The AI Forum plans to publish a report on the current and potential uses of artificial intelligence (AI) technologies for understanding the health of the environment and its component systems within Aotearoa. AI has incredible potential to help us understand and conserve our natural environment—one of New Zealand’s unique and important taonga, as well as a major driver of employment, tourism, and exports.
The report will describe how AI can be used to increase the understanding of, and assist with the development of solutions to many of the environmental challenges facing Aotearoa New Zealand. We hope to bring greater visibility to existing and potential uses of AI for the environment and identify where New Zealand could be world-leading in this domain. The proposed report will review areas where AI can help with the most pressing environmental challenges facing us and where there is potential for innovation and investment.
The potential of environmental AI is significant for both the protection and preservation of Aotearoa. It could present opportunities that no other technology has to date! It is important to bring critical awareness and visibility to this highly promising field, while demonstrating the potential of AI to face our environmental challenges and create a more sustainable Aotearoa New Zealand. If you or your organisation works in the following areas, we would very much like to hear from you:
- Loss of native biodiversity
- Changes in land use
- Pollution from our activities
- How we use our freshwater and marine resources
- Climate change
- AI for monitoring land use, forestry, waterways, ecosystems and urban development
- AI in applying machine learning to understanding historical environmental data
- AI for modelling real-time environmental data such as fishing catch or weather alerts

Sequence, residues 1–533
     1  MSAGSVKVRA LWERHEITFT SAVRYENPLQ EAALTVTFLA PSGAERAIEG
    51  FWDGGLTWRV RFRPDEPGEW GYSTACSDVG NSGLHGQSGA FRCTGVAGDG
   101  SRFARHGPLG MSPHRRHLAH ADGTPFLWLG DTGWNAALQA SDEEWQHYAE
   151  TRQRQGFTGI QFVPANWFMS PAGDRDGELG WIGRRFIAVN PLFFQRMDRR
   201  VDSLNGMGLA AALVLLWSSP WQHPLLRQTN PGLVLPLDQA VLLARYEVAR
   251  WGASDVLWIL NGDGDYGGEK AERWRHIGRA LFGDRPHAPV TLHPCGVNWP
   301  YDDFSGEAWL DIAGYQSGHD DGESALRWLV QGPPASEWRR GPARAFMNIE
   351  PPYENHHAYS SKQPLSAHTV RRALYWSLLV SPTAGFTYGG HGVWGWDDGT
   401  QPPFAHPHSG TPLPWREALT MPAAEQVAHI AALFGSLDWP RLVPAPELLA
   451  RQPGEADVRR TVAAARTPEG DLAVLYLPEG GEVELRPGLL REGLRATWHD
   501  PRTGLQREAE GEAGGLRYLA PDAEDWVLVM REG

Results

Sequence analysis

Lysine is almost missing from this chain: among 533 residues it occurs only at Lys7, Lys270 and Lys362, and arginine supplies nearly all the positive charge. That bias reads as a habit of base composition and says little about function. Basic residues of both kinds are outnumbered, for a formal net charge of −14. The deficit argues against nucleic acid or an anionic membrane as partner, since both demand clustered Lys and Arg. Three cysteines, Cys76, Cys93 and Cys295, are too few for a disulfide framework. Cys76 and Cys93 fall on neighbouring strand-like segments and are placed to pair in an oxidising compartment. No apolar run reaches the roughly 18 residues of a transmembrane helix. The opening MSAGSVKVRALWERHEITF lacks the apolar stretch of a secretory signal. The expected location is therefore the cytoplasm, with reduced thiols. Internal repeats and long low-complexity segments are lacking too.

- AI as a component of intelligent decision-making support systems.
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The AI Playbook produced by the Ministry of Business, Innovation and Employment (MBIE), and the World Economic Forum (WEF) has been released and is a must read! For the last two years, the Government has been a co-sponsor for an AI project with the WEF’s Centre for the Fourth Industrial Revolution on how government and society can come together to address the challenge of regulating AI. The cornerstone of this work has been the development of a Playbook for businesses and governments on how to engage in large scale conversations with communities about AI.
The Playbook is a key part of the work that the Government has underway in building trust, through the Digital Strategy for Aotearoa, and in helping raise awareness and guide New Zealand’s own AI journey, through the AI Strategy for Aotearoa (part of the Digital Technologies Industry Transformation Plan). By providing a framework and guidance on how to run a national, widespread conversation with all stakeholders, and seeking social licence and building trust in the process, we hope a clear focus of the conversation will be to gain the input of those whose voices are often not heard. These voices are most likely to be impacted by the future use of AI systems.